NCPI Workmark
Articles in regional publications that pertain to a wide range of North Carolina-related topics.

Search Results


12 results for University of North Carolina at Chapel Hill. School of Journalism and Mass Communication
Currently viewing results 1 - 12
PAGE OF 1
Record #:
1786
Author(s):
Abstract:
Jim Shumaker, well-known North Carolina journalist and the inspiration for the nationally syndicated cartoon \"Shoe\", was honored by the UNC-Chapel Hill School of Journalism and Mass Communication with an endowed professorship, effective August 1.
Source:
The State (NoCar F 251 S77), Vol. 62 Issue 3, Aug 1994, p4-5, por
Full Text:
Record #:
2335
Author(s):
Abstract:
Longtime editor of the Chapel Hill Weekly and professor in the UNC School of Journalism since 1975, Jim Shumaker inspired the comic strip \"Shoe.\"
Source:
The State (NoCar F 251 S77), Vol. 63 Issue 1, June 1995, p33-34, por
Full Text:
Record #:
13242
Author(s):
Abstract:
For over twenty-five years, Oscar J. Coffin has been a pre-eminent professor of journalism at the University of North Carolina, Chapel Hill, providing newsrooms around the state with the best graduates.
Source:
The State (NoCar F 251 S77), Vol. 21 Issue 2, June 1953, p3, 12, f
Full Text:
Record #:
25787
Author(s):
Abstract:
As part of the 2009 Carolina Summer Reading Program, first-year students are reading Paul Cuadros’ new book called, A Home on the Field. It is the first book the selection committee has chosen that was written by a UNC faculty member. It is also a true story that the committee thinks will spark discussion about immigration in North Carolina.
Source:
Endeavors (NoCar LD 3941.3 A3), Vol. 25 Issue 3, Spring 2009, p34-36, il, por Periodical Website
Full Text:
Record #:
25806
Author(s):
Abstract:
Jock Lauterer, took his journalism students to Spring Hope, North Carolina to work for the town’s newspaper while the editor was on sick leave. Lauterer recently formed an emergency response team of community journalists for North Carolina to help report the news following natural disasters or other emergencies.
Source:
Endeavors (NoCar LD 3941.3 A3), Vol. 24 Issue 2, Winter 2008, p22-23, il, por Periodical Website
Full Text:
Record #:
25801
Author(s):
Abstract:
Philip Meyer is a professor of journalism who has studied public-opinion research for decades. Newspapers typically use polls to collect public opinion data, but according to Meyer, they could use more in-depth social science methods to find underlying reasons for people’s decisions and actions.
Source:
Endeavors (NoCar LD 3941.3 A3), Vol. 24 Issue 1, Fall 2007, p41-43, por Periodical Website
Full Text:
Record #:
25827
Author(s):
Abstract:
Jane Brown, professor of journalism and mass communication, led a project interviewing teenagers about their sexual attitudes and behaviors. Results suggest that the media is how adolescents receive sex education. Brown encourages parents to be open and talk with their kids early about sexual content.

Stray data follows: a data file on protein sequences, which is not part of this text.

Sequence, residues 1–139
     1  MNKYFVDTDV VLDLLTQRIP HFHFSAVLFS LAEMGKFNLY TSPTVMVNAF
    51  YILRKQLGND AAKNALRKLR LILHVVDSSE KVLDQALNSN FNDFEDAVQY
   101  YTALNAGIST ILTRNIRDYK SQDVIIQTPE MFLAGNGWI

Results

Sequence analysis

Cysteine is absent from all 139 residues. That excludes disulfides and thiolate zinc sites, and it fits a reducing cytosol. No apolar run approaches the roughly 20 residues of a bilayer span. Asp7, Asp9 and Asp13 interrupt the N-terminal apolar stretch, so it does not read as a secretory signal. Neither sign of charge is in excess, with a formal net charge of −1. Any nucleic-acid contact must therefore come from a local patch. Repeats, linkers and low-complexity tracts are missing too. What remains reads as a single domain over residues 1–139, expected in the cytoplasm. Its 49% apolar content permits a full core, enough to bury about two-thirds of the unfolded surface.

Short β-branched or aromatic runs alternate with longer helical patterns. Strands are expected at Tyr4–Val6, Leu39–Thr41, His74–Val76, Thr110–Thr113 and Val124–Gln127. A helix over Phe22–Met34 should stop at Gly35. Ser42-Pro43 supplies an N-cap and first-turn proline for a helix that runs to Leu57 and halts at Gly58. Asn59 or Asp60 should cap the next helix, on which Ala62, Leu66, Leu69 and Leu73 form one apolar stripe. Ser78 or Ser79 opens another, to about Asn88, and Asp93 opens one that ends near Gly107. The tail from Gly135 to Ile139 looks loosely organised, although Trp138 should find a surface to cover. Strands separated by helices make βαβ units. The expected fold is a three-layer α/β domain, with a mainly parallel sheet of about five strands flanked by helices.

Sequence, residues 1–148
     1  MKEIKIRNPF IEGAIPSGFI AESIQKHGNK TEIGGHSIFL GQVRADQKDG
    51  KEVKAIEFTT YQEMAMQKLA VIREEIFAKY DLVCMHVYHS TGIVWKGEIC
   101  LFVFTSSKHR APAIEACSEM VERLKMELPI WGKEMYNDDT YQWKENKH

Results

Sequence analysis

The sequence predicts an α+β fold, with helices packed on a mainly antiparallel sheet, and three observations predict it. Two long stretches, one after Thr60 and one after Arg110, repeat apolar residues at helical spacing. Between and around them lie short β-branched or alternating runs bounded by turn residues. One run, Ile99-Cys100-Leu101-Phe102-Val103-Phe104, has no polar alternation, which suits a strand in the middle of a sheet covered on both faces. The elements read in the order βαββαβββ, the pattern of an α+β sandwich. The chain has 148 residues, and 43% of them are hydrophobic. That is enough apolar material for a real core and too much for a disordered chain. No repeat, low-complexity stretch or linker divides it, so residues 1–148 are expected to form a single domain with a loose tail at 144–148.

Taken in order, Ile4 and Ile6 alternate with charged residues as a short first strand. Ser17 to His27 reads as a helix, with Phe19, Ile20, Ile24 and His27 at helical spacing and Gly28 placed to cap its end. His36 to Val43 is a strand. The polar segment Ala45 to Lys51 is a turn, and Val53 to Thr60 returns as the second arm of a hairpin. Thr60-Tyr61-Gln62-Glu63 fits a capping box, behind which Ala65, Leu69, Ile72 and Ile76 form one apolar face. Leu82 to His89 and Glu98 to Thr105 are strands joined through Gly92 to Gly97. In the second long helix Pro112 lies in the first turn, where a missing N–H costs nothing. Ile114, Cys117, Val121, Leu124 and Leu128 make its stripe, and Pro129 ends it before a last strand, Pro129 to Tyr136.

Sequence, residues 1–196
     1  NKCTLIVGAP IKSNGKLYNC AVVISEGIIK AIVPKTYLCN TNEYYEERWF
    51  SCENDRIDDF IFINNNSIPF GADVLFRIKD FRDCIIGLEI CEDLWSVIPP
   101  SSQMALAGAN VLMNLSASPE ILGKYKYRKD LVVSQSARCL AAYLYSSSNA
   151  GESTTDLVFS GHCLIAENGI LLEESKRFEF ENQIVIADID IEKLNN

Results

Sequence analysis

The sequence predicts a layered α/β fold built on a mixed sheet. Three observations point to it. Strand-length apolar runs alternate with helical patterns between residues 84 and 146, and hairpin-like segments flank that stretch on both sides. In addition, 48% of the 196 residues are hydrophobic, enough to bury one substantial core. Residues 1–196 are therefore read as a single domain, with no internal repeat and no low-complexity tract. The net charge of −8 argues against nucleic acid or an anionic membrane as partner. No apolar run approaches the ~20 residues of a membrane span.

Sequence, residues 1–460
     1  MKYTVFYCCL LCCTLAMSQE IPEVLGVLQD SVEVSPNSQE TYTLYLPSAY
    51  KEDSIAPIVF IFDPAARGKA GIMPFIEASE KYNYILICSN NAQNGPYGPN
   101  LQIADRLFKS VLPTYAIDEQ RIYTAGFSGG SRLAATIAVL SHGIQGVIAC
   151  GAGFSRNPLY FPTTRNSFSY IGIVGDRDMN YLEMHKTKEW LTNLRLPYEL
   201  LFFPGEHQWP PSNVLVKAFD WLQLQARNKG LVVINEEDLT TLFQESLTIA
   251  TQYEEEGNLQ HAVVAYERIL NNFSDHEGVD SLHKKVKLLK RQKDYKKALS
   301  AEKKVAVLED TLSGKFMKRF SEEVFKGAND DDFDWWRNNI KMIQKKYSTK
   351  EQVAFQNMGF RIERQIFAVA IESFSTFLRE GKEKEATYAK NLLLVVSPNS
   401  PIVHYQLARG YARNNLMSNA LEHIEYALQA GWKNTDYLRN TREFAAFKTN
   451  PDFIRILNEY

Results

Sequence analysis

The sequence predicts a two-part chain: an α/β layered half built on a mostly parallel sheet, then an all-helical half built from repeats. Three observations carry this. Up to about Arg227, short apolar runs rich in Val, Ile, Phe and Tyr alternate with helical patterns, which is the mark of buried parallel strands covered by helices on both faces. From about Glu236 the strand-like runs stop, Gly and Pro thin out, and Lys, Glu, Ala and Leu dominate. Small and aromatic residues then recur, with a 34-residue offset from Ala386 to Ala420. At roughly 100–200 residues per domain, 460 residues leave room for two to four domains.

Source:
Endeavors (NoCar LD 3941.3 A3), Vol. 23 Issue 1, Fall 2006, p11-13, il Periodical Website
Full Text:
Record #:
25875
Author(s):
Abstract:
Barbara Friedman, a professor of journalism, recently explored how British and American media worked to respond to and shape images of how women and men should behave during wartime. In her upcoming book, she discusses how media romanticized American men to encourage British women hospitality, promoted homemaking among American women, and contributed to the resentment of foreign marriages.
Source:
Endeavors (NoCar LD 3941.3 A3), Vol. 23 Issue 3, Spring 2007, p18-20, il, por Periodical Website
Full Text:
Record #:
26169
Author(s):
Abstract:
Anti-violence messages are making their way onto television in the form of public-service announcements (PSAs). UNC researchers are studying the effect of PSAs on adolescents. So far, they’ve found that the anti-violence messages are too vague and don’t appear enough to overcome the influence of other programs.
Source:
Full Text:
Record #:
26211
Author(s):
Abstract:
Ethical dilemmas often occur in newspaper journalism. According to Philip Meyer, professor of ethics, journalists' ethical codes are often oriented toward public relations rather than effective ethical scrutiny. Ruth Walden, a media law expert, says there is a fine line between courts and journalists regarding the freedom of speech and invasion of privacy.
Source:
Endeavors (NoCar LD 3941.3 A3), Vol. 7 Issue 2, Winter 1990, p10-13, il, por Periodical Website
Record #:
26218
Author(s):
Abstract:
Journalism doctoral candidate Kim Walsh Childers is investigating how adolescents use the media to learn about sexuality. She is trying to see how teens’ existing beliefs about sexual relationships influence their interpretations of male-female interactions between television characters.
Source:
Record #:
26251
Author(s):
Abstract:
Frank Biocca, professor of journalism, conducted a study on audiences of the 1988 presidential campaign. Participants used an audience response system to indicate their agreement or disagreement with what a candidate said on television. Biocca found that audience opinion is partly influenced by nonverbal or inadvertent information.
Source: